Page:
Friday, April 12, 2013

Sour Trout

The title is one of the best and funniest sign-ins I've ever seen as a triage nurse, and I only wish I'd written the first 500 like that down, because I could write a book, and retire on the royalties. Or at least get a nice week on Maui.

In case you, unlike just about any ER nurse worth their salt, can't tell what the chief complaint is, it's "sore throat", approximated lovingly and with due diligence by someone whose English skills are somewhat lacking, which is about half my patients hereabouts.

And while that one isn't bad to read, it isn't the first time I've run across it.

Once upon a time, as a tender apprentice in the program at Seventh Circle Of Hell Hospital, where they took six months of class and clinical to push larval ER nurses out of their little Playdoh Fun Factory Mold, I ran across the same chief complaint.

Helpfully, they would do our classes two days a week, and run us through 3 days a week of clinical, on training wheels, with experienced nurses nearby. Which was good, because while I'd been a nurse for half a dozen years and worked without a safety net outside the hospital, their particular brand of patient experience was truly a priceless way to learn, by which I mean the place was ghastly in terms of volume, acuity, and overall suckiness. But hey, once you've played at the Palace, you can work anywhere, right?

So one day found me as the nurse in the back half, treatment, of the walk-in ward. The great part about this area was that everything would walk up, from hangnails to full-on heart attacks. We only kept the minor stuff, but in the pre-ratio days, that meant 8 hopefully minor patients for me, and 50 people waiting for the other nurse out front bringing them back.

And on this particular day, I not only had a brand-spanking new ER resident right out of internship, but the good fortune and favor of the Gods of Emergency Medicine had also helpfully provided me with Dr. DoneItAll. Dr. DoneItAll was able to open up his wallet and tumble out a cascade of about 200 cards, certs, training, and a like number of boards, peer-reviewed articles, etc. covering just about everything. Including probably radiation treatment in the Arctic for the hyperbaric chamber patient, come to think of it. On top of which, he was a really outstanding ED physician, excellent teacher, and a helluva nice guy to boot, which made him not just tolerable, but a genuine delight to work with.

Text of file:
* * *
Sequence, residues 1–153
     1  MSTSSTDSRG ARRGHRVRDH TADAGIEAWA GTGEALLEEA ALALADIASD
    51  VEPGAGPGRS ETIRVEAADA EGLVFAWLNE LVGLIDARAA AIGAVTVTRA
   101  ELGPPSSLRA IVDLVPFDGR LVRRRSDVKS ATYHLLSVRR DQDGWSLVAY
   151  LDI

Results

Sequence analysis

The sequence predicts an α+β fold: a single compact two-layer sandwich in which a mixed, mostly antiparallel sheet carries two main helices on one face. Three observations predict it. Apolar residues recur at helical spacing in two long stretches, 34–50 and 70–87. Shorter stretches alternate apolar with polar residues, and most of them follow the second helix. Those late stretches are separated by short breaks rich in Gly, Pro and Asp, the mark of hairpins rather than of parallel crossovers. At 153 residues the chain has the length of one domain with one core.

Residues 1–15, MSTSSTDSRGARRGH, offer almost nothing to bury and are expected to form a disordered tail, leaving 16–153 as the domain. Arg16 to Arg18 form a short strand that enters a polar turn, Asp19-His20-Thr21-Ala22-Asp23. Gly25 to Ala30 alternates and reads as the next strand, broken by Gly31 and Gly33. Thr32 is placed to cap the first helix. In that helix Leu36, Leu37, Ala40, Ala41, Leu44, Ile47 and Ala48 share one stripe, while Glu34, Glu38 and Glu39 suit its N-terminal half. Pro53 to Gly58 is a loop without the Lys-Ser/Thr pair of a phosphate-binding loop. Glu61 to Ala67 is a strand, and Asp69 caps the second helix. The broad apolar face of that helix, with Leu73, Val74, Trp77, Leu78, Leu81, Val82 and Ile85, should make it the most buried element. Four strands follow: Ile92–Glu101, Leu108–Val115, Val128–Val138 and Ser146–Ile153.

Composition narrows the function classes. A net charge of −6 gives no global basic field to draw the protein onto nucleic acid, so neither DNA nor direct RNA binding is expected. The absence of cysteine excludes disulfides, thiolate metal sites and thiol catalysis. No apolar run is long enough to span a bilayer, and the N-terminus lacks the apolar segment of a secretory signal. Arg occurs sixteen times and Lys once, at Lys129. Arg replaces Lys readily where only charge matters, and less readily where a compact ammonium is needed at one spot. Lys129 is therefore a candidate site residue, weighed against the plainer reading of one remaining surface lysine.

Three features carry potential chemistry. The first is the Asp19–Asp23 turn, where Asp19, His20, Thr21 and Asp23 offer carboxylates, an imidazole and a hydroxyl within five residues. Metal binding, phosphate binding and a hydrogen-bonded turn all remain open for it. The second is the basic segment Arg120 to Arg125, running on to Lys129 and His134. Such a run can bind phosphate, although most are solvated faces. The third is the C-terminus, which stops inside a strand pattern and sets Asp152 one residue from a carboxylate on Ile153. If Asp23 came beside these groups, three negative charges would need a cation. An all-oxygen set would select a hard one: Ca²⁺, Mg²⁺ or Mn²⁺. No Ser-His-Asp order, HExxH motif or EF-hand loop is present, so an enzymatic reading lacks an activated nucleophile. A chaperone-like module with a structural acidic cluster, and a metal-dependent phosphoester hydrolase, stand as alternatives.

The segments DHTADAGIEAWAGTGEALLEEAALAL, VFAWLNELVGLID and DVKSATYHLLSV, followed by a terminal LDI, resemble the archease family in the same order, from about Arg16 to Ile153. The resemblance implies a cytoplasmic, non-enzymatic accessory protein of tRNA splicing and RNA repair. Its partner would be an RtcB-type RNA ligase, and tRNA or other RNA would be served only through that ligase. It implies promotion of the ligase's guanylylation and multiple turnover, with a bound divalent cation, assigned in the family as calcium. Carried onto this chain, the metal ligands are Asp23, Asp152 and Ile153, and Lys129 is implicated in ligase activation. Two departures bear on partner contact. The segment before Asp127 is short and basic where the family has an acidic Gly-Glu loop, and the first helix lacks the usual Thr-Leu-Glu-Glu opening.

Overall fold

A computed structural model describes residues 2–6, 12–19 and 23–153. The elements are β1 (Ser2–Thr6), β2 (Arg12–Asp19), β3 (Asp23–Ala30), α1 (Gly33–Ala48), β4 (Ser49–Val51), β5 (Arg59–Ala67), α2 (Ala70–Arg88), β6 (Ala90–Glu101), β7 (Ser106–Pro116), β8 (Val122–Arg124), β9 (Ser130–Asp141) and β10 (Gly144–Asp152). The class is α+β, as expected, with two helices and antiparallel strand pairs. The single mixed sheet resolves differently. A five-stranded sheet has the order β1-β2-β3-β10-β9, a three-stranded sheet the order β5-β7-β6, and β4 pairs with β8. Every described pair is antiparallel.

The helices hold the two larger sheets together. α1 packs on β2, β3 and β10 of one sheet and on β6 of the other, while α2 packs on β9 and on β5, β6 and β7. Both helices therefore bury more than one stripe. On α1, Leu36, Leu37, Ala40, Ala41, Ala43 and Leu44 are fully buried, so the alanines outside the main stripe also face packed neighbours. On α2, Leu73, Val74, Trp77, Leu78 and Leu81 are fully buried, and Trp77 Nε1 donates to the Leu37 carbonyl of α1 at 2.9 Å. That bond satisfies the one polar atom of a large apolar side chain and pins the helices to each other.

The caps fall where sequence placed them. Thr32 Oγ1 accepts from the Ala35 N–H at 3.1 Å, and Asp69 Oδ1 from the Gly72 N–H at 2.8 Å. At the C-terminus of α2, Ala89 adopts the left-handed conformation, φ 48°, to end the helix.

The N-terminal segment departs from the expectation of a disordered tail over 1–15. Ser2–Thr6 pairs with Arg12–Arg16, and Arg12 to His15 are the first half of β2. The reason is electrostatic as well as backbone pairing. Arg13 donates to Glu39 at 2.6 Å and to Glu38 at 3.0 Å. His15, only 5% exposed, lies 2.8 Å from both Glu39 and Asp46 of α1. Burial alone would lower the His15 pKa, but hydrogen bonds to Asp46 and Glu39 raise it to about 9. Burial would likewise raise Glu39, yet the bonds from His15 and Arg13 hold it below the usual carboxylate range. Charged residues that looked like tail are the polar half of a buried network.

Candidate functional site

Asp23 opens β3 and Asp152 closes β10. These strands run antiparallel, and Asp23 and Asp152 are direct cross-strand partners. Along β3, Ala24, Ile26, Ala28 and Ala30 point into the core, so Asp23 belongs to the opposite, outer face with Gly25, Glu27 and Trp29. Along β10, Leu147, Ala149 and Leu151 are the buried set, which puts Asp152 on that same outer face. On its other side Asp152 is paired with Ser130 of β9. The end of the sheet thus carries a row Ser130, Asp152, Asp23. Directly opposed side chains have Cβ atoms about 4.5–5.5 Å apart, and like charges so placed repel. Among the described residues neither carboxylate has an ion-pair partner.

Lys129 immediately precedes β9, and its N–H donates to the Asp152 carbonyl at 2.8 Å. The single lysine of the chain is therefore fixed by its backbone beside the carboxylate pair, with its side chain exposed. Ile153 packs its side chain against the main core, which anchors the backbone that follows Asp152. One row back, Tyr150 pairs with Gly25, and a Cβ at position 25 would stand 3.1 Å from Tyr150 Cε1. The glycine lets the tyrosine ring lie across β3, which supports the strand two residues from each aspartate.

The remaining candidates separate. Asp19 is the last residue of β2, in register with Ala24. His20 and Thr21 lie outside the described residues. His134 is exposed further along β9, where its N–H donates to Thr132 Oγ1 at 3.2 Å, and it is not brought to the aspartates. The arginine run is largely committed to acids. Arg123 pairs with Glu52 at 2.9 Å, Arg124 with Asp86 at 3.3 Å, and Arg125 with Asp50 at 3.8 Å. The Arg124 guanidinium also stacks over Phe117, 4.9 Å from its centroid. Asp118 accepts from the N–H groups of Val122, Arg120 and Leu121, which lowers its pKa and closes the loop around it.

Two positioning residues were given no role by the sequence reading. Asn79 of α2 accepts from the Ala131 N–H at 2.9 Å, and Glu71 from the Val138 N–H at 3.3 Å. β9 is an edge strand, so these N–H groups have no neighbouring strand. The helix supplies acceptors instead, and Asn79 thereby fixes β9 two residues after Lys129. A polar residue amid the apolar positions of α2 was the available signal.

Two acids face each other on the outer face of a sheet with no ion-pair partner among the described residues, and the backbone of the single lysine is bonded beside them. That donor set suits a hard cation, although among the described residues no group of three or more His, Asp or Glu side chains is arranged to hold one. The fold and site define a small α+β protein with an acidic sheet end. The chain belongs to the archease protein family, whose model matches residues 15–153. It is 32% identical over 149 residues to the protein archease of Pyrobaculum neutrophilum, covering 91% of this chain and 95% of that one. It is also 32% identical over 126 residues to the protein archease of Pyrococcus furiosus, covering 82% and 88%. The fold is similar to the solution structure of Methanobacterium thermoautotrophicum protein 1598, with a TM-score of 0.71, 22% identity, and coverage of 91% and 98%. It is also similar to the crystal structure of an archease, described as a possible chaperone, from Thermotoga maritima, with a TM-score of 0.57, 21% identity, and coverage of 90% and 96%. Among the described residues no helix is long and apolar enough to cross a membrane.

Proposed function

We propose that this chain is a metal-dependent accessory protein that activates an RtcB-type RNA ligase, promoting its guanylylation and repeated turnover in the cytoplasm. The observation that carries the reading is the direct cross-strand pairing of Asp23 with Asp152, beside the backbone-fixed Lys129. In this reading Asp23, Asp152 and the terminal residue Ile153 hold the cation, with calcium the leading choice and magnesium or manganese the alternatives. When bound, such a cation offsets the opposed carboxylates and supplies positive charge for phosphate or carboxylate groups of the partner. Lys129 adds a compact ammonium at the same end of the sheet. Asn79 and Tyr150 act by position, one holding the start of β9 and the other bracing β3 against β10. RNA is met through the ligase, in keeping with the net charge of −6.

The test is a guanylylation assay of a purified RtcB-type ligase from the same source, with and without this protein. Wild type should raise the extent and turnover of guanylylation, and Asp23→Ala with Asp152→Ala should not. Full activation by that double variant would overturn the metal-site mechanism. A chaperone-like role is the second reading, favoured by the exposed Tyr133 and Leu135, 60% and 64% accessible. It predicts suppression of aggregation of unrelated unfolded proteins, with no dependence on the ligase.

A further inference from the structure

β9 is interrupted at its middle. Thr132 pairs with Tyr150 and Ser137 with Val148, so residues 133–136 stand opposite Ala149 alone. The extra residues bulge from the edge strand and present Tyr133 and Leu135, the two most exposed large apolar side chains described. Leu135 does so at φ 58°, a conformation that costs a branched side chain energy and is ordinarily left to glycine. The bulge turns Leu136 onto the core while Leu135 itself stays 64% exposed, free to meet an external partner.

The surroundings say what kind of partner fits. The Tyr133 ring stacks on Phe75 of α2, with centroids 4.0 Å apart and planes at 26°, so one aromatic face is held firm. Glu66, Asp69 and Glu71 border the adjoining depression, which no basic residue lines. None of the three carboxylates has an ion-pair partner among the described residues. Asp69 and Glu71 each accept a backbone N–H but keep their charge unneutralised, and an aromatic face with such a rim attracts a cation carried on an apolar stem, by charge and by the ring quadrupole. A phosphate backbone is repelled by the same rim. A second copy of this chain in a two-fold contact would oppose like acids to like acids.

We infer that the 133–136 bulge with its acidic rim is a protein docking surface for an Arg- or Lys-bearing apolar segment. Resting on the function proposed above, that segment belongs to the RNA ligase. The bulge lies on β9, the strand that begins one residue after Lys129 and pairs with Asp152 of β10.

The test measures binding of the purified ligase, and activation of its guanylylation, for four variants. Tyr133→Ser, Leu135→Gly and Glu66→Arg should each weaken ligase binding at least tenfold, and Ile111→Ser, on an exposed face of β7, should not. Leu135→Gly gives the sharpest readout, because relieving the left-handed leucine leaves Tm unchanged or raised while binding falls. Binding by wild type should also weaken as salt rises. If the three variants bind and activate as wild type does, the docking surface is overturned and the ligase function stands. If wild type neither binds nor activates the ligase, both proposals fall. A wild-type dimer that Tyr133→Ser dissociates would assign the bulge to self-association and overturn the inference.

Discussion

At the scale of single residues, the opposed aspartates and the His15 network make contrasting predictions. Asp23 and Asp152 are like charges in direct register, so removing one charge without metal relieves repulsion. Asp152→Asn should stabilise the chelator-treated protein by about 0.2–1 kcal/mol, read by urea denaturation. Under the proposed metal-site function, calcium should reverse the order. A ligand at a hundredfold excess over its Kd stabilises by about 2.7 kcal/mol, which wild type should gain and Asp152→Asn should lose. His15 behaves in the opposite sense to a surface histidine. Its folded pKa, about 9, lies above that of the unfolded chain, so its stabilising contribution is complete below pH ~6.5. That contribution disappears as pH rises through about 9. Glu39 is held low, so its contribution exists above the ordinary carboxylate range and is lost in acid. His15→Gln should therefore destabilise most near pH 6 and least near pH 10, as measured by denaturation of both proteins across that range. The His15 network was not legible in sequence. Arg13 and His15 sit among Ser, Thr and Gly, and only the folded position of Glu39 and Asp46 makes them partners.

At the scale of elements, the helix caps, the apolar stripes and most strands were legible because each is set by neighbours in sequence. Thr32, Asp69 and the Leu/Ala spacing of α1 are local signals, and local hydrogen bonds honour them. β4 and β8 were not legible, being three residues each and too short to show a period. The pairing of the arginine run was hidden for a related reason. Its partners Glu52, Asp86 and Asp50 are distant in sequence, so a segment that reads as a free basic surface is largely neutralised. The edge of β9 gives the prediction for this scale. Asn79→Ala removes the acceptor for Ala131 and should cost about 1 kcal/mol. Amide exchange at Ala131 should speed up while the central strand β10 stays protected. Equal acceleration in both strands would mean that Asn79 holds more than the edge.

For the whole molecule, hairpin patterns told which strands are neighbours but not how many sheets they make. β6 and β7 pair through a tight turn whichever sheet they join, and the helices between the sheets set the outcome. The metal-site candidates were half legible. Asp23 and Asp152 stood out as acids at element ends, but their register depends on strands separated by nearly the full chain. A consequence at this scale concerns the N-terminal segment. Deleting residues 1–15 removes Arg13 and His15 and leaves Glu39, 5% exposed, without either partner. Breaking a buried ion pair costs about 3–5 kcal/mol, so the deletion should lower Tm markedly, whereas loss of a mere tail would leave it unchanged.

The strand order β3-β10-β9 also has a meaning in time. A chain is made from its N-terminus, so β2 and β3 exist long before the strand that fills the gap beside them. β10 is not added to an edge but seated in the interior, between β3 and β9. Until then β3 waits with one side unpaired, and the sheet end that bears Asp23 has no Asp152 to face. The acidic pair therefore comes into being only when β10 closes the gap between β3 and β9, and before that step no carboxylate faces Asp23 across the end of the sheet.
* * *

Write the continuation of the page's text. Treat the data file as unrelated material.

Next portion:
And to help me in my monkey-see, monkey-do days of learning the business of emergency nursing, just the day before, the lectures had helpfully covered the main details regarding eye, ear, nose, and throat complaints we needed to pay attention for.

Thus when my patient presented with fever, sore throat, swollen neck, painful swallowing, drooling, and told me "I habb a sour trout" in the most classic I-have-a-hot-potato-on-my-tongue voice I could have hoped for, I wasted no time in stepping out to go tug on Dr. DoneItAll's sleeve, and inform him "You need to see the patient in Cubicle 2 NOW, please."
And, without questioning me, he stepped in, did about a 30-second physical exam, and stepped out.

"Peritonsillar abscess. Pt. to EENT Emergency, STAT."

And turned to me and said "Nice catch. Strong work."
Which, at Seventh Circle Of Hell, was the equivalent of hitting a home run.

But it's always nice when Fate lobs a nice slow breaking ball right out over the plate for you to smack over the fence in the first place. If only they were all that easy.

1 comment:

  1. Here's a diagnosis for ya- i went to Africa on a church mission trip. We had African interpreters doing the triage and writing down chief complaints. I saw this particular diagnosis at least ten times a day: "lash on the Virginia". (keep in mind, lots of Africans pronounce the "r" sound as "l".......